Let it be known that the origin of pretension is love for prominence. If love for prominence is analyzed, it will be rendered to three roots:
1. Love for praise; man loves to be praised and lauded; he finds pleasure in hearing compliments,
2. Flight from ill reputation; man hates to be the source of ill reputation; he is harmed and feels the pain when hearing that his reputation is being chewed,
3. Greed for what people possess.
These three often cause pretension.
It may be observed how one does not desire praise, nor does he covet lauding, nor does he look at what others enjoy, but he cannot tolerate to be reprimanded and spoken ill of, so he undertakes a pretentious act. He is like a miser individual who participates in a deed of righteousness when he sees others doing likewise, spending money for that cause. He finds himself among generous people who offer plenty of money by way of charity.
He offers little of it by way of charity so he may not be described as a stingy person. Or he may be like a young man among youths who are worshipping, keeping themselves busy with prayer and supplication, so he, too, prays and supplicates so that he may not be spoken ill of and accused of being lazy and idle. And there are among the scholars those who do not covet to be praised by people, but he cannot tolerate to be identified as knowing very little.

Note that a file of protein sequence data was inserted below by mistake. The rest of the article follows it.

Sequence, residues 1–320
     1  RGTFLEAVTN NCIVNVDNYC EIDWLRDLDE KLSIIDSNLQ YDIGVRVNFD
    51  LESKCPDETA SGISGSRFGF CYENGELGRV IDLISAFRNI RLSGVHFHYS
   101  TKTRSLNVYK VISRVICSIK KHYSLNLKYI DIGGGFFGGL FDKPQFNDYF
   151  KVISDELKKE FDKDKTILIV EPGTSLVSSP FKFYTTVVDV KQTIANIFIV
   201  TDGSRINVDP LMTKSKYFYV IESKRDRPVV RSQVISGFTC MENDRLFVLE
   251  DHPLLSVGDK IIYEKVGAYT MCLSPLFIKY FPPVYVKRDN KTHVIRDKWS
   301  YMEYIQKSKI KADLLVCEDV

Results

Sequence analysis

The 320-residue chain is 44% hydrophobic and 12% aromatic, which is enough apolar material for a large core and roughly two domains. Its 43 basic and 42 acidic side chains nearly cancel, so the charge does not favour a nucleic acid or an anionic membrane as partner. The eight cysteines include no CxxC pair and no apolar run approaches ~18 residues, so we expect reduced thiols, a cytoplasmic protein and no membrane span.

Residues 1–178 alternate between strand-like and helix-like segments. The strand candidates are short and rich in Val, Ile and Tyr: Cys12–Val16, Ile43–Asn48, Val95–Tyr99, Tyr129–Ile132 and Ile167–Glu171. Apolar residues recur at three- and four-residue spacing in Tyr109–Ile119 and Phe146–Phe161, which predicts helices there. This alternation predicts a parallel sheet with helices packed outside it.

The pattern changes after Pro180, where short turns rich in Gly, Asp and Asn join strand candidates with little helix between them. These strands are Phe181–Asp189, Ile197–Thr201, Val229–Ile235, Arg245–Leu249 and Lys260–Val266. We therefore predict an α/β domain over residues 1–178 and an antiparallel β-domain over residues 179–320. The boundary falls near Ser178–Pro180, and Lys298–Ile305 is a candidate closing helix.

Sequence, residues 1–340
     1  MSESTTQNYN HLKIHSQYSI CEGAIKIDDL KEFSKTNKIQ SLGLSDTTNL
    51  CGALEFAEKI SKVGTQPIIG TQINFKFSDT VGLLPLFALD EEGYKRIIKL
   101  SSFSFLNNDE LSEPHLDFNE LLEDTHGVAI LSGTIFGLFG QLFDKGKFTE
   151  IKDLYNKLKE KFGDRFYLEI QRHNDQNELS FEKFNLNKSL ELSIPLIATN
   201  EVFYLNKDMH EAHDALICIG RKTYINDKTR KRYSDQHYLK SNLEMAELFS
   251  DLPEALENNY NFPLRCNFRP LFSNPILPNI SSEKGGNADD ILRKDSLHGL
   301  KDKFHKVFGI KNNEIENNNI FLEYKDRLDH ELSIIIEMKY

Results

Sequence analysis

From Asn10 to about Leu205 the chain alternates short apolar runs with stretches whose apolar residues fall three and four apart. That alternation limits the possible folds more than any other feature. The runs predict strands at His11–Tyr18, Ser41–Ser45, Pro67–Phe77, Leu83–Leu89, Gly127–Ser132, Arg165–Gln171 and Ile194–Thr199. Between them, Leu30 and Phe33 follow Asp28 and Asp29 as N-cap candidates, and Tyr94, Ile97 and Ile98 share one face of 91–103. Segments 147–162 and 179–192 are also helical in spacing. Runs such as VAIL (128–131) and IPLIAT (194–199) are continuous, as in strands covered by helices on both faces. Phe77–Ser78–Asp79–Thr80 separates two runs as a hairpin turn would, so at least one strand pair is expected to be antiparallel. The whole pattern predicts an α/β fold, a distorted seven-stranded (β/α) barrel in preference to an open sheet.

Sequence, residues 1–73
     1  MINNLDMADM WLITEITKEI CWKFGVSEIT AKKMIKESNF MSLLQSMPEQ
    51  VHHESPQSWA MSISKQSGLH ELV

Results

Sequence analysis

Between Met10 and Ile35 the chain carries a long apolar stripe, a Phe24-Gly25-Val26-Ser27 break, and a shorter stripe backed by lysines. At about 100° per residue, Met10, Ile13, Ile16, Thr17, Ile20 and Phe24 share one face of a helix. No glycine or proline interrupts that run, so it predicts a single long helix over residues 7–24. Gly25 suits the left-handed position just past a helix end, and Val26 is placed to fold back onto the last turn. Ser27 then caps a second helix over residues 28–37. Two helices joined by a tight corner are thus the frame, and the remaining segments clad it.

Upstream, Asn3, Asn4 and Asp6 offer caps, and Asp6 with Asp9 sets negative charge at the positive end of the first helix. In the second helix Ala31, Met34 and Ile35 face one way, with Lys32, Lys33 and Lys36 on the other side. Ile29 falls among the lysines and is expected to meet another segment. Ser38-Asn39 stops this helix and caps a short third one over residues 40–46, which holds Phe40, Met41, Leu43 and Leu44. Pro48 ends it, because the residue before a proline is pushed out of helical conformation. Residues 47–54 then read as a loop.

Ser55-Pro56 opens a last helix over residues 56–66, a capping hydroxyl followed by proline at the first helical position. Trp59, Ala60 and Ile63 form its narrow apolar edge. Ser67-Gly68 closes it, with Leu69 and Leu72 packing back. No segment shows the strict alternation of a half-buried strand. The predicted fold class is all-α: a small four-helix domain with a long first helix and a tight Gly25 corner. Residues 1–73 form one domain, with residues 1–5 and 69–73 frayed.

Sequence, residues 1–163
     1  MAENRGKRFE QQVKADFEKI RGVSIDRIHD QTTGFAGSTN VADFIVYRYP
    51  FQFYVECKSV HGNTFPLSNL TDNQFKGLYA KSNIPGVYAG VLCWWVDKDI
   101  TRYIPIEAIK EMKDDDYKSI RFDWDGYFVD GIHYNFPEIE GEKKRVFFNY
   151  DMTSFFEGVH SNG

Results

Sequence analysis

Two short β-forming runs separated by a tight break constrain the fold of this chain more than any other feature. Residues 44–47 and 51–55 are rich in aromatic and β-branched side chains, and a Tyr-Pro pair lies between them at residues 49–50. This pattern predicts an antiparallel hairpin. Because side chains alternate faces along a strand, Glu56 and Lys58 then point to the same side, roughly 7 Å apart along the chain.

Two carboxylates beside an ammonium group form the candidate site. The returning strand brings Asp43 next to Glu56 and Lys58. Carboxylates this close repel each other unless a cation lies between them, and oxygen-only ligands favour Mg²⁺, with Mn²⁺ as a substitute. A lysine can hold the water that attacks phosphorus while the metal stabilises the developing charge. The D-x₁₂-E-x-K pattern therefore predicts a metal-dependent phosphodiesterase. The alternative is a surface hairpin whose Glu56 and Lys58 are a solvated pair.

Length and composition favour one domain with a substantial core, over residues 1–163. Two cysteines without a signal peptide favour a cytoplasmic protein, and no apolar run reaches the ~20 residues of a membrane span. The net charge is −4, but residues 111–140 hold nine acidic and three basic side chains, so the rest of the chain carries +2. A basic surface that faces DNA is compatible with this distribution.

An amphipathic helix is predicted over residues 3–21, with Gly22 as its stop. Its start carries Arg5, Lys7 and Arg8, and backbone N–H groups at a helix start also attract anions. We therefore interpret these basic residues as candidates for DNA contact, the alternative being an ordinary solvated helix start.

If he is asked about an issue with which he is not familiar, he is swift to issue a verdict without knowledge rather than convincing himself of asking someone else who is familiar with it for fear he may be held as ignorant. Generally speaking, one can be patient with regard to the pleasure of praise but cannot tolerate the pain of being spoken ill of.
One who treats these three causes has to know that one seeks and desires something due to thinking that it is good, useful and sweet to him, whether it is so now or it will be in the future. If he gets to know that it is pleasurable in the present time but is harmful in its outcome, it will be easy for him not to desire it. It is like one who knows that honey is delicious, so he craves eating it, but if it becomes obvious to him that it contains poison, it will be easy for him to shy away from it. Thus is the case with our subject.
No matter how much a servant of Allāh knows that pretension is harmful, that it causes him not to reform his harm, that it deprives him of imminent success and the loss of a station in the hereafter, in the final outcome, bringing him punishment, contempt and infamy, when someone cries out as witnesses testify: "O debauchee, treacherous, pretender, polytheist! Did you ever feel the shame when you traded the obedience to Allāh for what the short life offered? Did you not watch people's hearts but did not watch out when you meet the Truth, Praise to Him? Did you not seek popularity among the servants of Allāh by doing what brings about wrath from Allāh?
Did you not decorate yourself with what makes you look bad in the eyes of Allāh? Did you not seek nearness to the servants of Allāh by being distant from Him? Did you not seek their praise by being ill spoken of by Allāh? Did you not seek their pleasure by exposing yourself to Allāh's anger? Did anyone else stand in your eyes as being thus less important than Allāh?!" We seek refuge with Allāh from such humiliation and exposure.
"If only you could see when the guilty ones bend their heads down before their Lord…" (Qur'ān, 32:12).